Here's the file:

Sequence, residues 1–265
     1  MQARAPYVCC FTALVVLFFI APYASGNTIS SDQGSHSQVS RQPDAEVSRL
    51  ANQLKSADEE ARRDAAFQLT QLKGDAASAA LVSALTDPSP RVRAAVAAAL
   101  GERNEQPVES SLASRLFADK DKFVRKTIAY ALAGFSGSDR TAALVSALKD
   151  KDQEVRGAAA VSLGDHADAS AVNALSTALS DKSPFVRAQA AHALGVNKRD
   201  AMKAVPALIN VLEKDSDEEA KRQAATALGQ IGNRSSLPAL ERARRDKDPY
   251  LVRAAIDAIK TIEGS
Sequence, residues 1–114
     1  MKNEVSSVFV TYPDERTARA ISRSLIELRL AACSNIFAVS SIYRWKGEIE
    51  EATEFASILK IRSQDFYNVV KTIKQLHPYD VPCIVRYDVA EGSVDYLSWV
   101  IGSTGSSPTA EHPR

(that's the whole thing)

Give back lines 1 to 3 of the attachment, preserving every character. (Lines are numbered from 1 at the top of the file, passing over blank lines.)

Sequence, residues 1–265
     1  MQARAPYVCC FTALVVLFFI APYASGNTIS SDQGSHSQVS RQPDAEVSRL
    51  ANQLKSADEE ARRDAAFQLT QLKGDAASAA LVSALTDPSP RVRAAVAAAL